Tide runs & rolls over UGA, into title game

104 Comments

From the moment it became unofficially official that the winner of the SEC championship game would earn a spot in the BCS title game, most individuals without a definitive lean toward the Red & Black had already penciled in Alabama as the team opposite Notre Dame in South Beach.

Tuscaloosans, you may unofficially officially break out the Sharpies.

Armed with a punishing running game for which the Georgia defense simply had no answer, the No. 2 Tide rolled over, around and through the No. 3 Bulldogs in claiming their second SEC championship under Nick Saban.  In the 32-28 win, the Tide set an SEC title-game record with 350 yards rushing, although, in an ironic twist, it was a breathtaking 45-yard AJ McCarron-to-Amari Cooper connection with just over three minutes left that proved to be the knockout punch for the defending national champions.

With the win — the closest margin of victory in the SEC title game since 1997 — the Tide sets itself up for an unprecedented third BcS title in four years.  And set the nation up for a BCS title game for the ages, a North vs. South showdown with the Fighting Irish carrying the potential to shatter records for both ratings on game day and vitriol spewed in the weeks leading up to the first week of January.

The Jan. 7 matchup for all the crystal will mark the first game between the two storied programs since 1987.

Alabama’s destination is now known; the late-game road the Tide took to get there?  Much to the detriment of the UGA coaching staff and the angst of the fan base, it will be discussed for months, if not years, to come.

While the player of the game was undoubtedly and literally Eddie Lacy, who rushed for 181 yards and two touchdowns in the Tide’s win…  and while the play of the game came off the right arm of a battle-tested veteran into the hands of a fresh-faced freshman… all the while UGA fans will be lamenting what could’ve been courtesy of late-game clock management that only a Kiffin could love.

Taking over at their own 15-yard line with 1:08 left down by four and with no timeouts, the Bulldogs drove down to the Tide eight-yard line, the last 26 coming on an Aaron Murray-to-Arthur Lynch completion with under 20 seconds left.  With the clock stopped for the chains to move for the first down, most expected UGA to hustle to the line, spike the ball with 10-15 seconds left and give themselves at least two, probably three shots at the end zone.

Instead, and inexplicably, Georgia ran a play.  On a pass that was supposed to be a fade-type route into the end zone, it was instead tipped at the line and dropped into the arms of Chris Conley, who dropped to the turf before reaching the sidelines to stop the clock.  With no timeouts remaining, all UGA could do was watch the clock expire on their hopes of a first national championship in more than three decades.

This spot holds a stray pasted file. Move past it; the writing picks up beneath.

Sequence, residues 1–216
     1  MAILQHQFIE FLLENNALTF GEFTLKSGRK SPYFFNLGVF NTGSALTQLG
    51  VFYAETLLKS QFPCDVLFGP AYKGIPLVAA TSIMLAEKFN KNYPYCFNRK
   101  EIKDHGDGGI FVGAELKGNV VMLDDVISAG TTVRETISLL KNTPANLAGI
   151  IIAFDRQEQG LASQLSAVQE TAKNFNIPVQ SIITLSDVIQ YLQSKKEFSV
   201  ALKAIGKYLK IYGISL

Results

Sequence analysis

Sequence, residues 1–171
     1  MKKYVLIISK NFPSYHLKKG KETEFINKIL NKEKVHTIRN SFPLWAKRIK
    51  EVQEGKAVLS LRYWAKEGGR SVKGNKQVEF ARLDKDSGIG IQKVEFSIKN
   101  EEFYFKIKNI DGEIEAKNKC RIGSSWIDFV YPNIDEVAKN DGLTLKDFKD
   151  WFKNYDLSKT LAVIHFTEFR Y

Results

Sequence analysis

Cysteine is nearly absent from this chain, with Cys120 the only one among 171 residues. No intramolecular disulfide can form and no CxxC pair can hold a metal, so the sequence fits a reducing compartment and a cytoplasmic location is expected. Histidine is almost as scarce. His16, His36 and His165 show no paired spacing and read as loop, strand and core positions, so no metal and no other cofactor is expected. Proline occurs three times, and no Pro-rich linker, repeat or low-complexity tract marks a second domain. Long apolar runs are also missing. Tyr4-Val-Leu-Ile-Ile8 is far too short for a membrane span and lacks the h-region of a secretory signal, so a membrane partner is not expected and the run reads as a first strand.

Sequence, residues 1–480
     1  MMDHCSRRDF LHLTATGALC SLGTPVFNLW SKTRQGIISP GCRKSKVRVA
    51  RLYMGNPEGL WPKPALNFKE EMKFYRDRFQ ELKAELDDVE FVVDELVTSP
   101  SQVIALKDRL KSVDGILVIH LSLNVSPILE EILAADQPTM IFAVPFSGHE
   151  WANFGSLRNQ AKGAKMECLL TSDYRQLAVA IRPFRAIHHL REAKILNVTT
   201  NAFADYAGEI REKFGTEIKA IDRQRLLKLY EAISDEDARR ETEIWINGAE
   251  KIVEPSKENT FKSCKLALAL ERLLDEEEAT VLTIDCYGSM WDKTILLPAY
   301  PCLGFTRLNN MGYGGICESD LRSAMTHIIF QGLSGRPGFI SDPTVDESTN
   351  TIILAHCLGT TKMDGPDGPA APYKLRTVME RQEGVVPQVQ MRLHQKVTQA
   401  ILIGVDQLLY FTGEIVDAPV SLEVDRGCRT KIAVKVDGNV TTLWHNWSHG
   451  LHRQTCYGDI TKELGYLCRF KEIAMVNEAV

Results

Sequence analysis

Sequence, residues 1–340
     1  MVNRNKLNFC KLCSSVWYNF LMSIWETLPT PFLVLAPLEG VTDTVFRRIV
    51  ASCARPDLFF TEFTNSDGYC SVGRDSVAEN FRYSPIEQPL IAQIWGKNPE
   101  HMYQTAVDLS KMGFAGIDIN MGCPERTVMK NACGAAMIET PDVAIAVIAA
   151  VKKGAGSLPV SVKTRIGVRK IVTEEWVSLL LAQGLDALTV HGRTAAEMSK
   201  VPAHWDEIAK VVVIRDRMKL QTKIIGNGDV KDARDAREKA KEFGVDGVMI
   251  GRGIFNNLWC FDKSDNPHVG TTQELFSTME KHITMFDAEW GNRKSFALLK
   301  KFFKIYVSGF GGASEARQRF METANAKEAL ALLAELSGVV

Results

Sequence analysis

The play in and of itself certainly didn’t cost the Bulldogs the game; their run defense shoulders most of that load.  It did, though, arm Mark Richt‘s detractors with additional ammunition.

However, the end of the game shouldn’t take away the effort both teams spilled on the Georgia Dome turf.  And the history the Alabama Crimson Tide is on the verge of making — becoming the first team to win three titles in four years in the BCS era.

Their opponent will also be looking to stake their claim to some of their own history, with Notre Dame out to break a tie for most-ever Associated Press titles.  The team with which they’re tied at eight?  Alabama.

Roll Tide Roll.  Play Like A Champion Today.

A title game for the ages indeed.

Staffer-attacking Alabama LB one of four FBS players to officially transfer to FCS Tennessee State

Getty Images
Leave a comment

One of the more infamous figures from this year’s national championship game has officially found a new home.

Earlier this week, it was reported that linebacker Mekhi Brown, who drew a personal foul for punching a Georgia player in the title game shortly before going after a ‘Bama staffer on the sidelines, would be transferring to Tennessee State. Friday, the FCS school confirmed that Brown is one of four transfers from FBS programs who have been added to its football roster.

Prior to his departure, Brown had appeared in 12 games in 2017 as a redshirt sophomore for the Crimson Tide.

The other three FBS transfers added are linebacker Christion Abercrombie (Illinois), quarterback Demry Croft (Minnesota) and defensive back John Robinson IV (UConn).  As TSU is an FCS program, all four players will be eligible to play immediately in 2018.